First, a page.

The jackfruit man
Meet a 54-year-old from Kerala who has planted over 20,000 seedlings from over 23 native varieties of this tropical fruit tree.
K R Jayan at his home near Thrissur in Kerala. (Express)
When K R Jayan would go around Irinjalakuda, his hometown in Kerala’s Thrissur district, planting jackfruit seeds on empty plots along the roadside, the locals thought he was just a little bit loony.
“But when they saw me also watering the seeds and young plants emerging out of them, I became a confirmed madman. I was only a young man experimenting with different jackfruit varieties and watching them grow from seeds into trees,” says the 54-year-old pre-university pass from Avittathur in Thrissur’s Mukundapuram taluk.
‘Plavu Jayan’ (Jackfruit Jayan), as he is now called, claims to have planted over 20,000 seedlings of the tree that is found in almost every home of Kerala. But the remarkable thing is not just the number of trees, but the up to 23 native varieties of ‘plavu’ he has planted and possibly helped revive. These include ‘Thamara Chakka’, ‘Rudrakshi’, ‘Baloon Varikka’, ‘Football Varikka’, ‘Kashumanga Chakka’, ‘Madalilla Chakka’, ‘Padavalam Varikka’, ‘Then Varikka’, ‘Athimadhuram Koozha’, ‘Thenga Chakka’ and ‘Vakathanam Varikka’.
“I used to go to different villages and see the jackfruit trees in people’s compounds or orchards. If there was some rare variety somebody was growing, I would collect their seeds and develop them into seedlings in my 12-cents (0.12 acre) land,” states Jayan.
Not for nothing he has been a recipient of the ‘Plant Genome Saviour-Farmer Recognition’ award instituted by the Union Ministry of Agriculture and Farmers’ Welfare. The award was conferred at a function organised by the Protection of Plant Varieties and Farmers’ Rights Authority here on October 22.
Jayan’s love affair with the tropical fruit started when he was in class 7. Once, on Gandhi Jayanti day, when schoolchildren in Kerala would participate in some civic service activity, he brought a jackfruit plant from his home. That was when his friends first called him ‘Plavu Jayan’, a name that has stuck.
Like many Malayalees, Jayan went to West Asia in 1995. He finally returned in 2006, after working at Dubai’s Al Maya supermarket. “In Dubai, one could find everything, except the jackfruit tree. But for me, that was my life and I was really missing seeing it all these years,” he recalls.
After coming back, Jayan started traveling in towns in Thrissur on a three-wheeler, selling candles, soaps and other products of the ‘Kudumbashree’ women’s self-help groups. Alongside, he also began developing jackfruit forests by planting trees on the roadsides and various public places – among others, the Shoranur Railway Junction, Thrissur Government Medical College and the Government College at Chittur near Palakkad. He went on to plant jackfruit even at Mahatma Gandhi’s Sevagram Ashram at Wardha in Maharashtra!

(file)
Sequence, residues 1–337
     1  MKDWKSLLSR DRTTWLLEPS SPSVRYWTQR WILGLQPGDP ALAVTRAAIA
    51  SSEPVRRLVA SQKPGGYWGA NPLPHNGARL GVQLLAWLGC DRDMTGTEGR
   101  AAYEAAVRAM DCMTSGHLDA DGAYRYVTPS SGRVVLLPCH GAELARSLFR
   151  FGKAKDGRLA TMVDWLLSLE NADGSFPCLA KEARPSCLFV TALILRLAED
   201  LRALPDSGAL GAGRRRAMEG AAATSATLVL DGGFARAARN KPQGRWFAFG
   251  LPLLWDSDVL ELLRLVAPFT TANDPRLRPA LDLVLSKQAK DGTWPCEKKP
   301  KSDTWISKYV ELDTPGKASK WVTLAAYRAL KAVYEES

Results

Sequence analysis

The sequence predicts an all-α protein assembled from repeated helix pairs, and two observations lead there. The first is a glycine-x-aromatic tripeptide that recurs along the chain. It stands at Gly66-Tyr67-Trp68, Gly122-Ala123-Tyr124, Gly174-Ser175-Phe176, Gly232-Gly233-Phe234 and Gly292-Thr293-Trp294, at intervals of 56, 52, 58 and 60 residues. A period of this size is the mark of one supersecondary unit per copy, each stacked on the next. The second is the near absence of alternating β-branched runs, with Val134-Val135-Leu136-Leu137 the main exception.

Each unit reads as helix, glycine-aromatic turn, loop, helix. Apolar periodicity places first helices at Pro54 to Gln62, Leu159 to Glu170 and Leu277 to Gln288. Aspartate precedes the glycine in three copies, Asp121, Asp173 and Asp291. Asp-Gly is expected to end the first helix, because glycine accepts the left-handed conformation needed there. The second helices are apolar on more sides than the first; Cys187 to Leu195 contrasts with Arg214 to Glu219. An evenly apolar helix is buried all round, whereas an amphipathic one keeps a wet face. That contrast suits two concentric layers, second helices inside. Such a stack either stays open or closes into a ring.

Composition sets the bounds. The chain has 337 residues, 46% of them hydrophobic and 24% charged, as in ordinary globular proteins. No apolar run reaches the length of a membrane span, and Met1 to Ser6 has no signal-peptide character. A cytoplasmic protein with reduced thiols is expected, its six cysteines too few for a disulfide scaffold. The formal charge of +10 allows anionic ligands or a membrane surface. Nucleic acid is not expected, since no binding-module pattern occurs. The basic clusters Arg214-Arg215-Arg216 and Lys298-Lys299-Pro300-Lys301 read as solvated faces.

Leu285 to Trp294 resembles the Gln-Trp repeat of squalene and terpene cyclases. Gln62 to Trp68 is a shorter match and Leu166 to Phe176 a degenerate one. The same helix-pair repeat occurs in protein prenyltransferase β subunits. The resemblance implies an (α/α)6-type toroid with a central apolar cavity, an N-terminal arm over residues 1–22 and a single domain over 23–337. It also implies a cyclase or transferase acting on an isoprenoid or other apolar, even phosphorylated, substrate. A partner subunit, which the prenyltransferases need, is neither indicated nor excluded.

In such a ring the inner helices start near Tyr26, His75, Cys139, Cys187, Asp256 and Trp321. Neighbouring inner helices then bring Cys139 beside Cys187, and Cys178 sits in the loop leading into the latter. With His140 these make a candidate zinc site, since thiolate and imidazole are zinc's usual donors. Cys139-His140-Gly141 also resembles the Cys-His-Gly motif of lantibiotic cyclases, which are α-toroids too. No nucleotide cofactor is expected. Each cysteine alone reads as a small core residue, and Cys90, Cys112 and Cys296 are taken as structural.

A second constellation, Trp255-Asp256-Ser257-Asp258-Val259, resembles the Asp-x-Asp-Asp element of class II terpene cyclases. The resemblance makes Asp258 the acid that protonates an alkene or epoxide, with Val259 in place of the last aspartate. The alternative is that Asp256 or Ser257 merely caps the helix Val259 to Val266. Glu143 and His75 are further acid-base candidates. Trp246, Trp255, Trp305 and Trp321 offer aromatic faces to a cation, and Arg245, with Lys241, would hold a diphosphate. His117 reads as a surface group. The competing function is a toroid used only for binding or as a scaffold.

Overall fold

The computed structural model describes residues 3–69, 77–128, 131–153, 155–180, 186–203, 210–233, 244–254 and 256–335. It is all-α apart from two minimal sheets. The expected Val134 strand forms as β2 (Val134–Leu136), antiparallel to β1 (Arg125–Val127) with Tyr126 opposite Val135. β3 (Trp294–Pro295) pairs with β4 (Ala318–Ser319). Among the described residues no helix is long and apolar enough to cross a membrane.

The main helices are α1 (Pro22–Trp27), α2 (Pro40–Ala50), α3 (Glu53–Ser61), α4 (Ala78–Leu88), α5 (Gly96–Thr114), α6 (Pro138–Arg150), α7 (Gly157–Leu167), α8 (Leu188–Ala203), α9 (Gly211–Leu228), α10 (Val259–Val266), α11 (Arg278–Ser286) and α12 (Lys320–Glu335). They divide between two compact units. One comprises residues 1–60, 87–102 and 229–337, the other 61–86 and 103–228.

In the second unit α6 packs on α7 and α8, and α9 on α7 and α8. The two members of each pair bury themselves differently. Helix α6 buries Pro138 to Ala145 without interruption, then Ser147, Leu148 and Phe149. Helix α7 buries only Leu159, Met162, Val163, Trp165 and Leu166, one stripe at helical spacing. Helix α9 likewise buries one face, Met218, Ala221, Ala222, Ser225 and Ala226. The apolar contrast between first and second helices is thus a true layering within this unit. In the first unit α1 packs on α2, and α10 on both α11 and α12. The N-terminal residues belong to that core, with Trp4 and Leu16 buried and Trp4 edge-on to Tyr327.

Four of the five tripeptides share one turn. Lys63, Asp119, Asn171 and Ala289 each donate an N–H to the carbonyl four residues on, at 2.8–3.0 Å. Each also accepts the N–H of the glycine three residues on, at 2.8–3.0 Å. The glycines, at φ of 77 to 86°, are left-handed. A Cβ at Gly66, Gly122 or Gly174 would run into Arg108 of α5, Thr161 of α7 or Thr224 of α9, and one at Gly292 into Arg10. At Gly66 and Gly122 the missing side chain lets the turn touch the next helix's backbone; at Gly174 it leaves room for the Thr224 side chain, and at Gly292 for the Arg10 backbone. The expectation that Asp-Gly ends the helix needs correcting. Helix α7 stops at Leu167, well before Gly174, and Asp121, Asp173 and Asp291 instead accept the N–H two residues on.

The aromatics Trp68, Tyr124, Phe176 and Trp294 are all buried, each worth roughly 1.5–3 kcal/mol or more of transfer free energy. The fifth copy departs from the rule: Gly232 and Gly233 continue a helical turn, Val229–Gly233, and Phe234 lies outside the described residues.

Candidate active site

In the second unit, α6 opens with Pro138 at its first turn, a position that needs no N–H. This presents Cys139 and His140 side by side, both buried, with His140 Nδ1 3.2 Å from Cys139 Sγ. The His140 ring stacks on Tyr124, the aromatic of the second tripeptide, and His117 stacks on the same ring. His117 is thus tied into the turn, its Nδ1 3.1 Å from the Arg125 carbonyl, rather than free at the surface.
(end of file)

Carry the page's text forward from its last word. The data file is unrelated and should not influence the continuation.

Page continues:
Jayan is a critic of vegetative propagation techniques such as budding and grafting, which he terms as “unnatural deviations from the ways of our ancestors”. Jackfruit, he believes, should be planted the natural way, wherein the seed is the sperm and the soil the womb. By extracting seeds from the fruit and planting them in the soil, the trees will germinate, grow, bear fruits in 5-8 years and live for 150 years. While fruit-bearing may take place within three years through budding and grafting, the trees themselves live for only 8 years or so and “they are unnatural like test-tube babies”.
“For me, jackfruit is a mission, not a nursery business. I supply original saplings of jackfruit free of cost to anyone who comes to my home,” points out Jayan, who is proud that his work is recognised even by the father of the Green Revolution MS Swaminathan. Moreover, Class VIII students in Kerala schools today read extracts from ‘Plavu’, the book authored by him containing all the knowledge he has accumulated on the tree and its products.
“Jackfruit is a kalpavriksha, a tree of God. Every part of it is useful. Those who throw away the seeds, thinking it causes gas, don’t know its anti-cancer properties. Dried jackfruit leaves, too, have medicinal value, while the powdered bark of the tree can be used to treat swelling in the legs. The timber is very good furniture as well as building construction material. The powdered wood is being used in Gulf countries as a natural food colouring substance. You can even make jackfruit bubble gum. Unlike normal chewing gum, you can blow bubbles and even swallow it at the end without any problem,” he remarks.
The, there is the fruit itself, which is the world’s biggest; Jayan has harvested a ‘Muttom Varikka’ weighing 55.5 kg. Jackfruit contains only a moderate amount of calories, while packed with iron, potassium, phosphorous, calcium, vitamin A and other micronutrients. “At one time, everyone in Kerala knew about its nutritional value. Till the 1970s, there were no remittances from the Gulf and we had very little money. My own family, including eight siblings, was saved from near starvation due to the jackfruit tree in our compound. But once money started coming, people started forgetting about this native fruit and it gradually disappeared from their diets,” he adds.
Jayan avers that the increasing incidence of landslides and devastation from floods in Kerala has to do with reduced jackfruit tree cover. Holding a packet of jackfruit buttress roots, he notes how they hold up the soil: “Hardly three months back, an entire hill came down and destroyed all homes of a village in Wayanad. Why? Because, there are no proper trees to save us from nature’s fury. Wayanad used to have so many jackfruit trees, which have given way to rubber plantations. I want to plant jackfruit trees across the state, so that another mountain does not break and floods do not devastate my land again”.
That’s, perhaps, his ultimate mission.
First published by The Indian Express on 7 Nov. 2019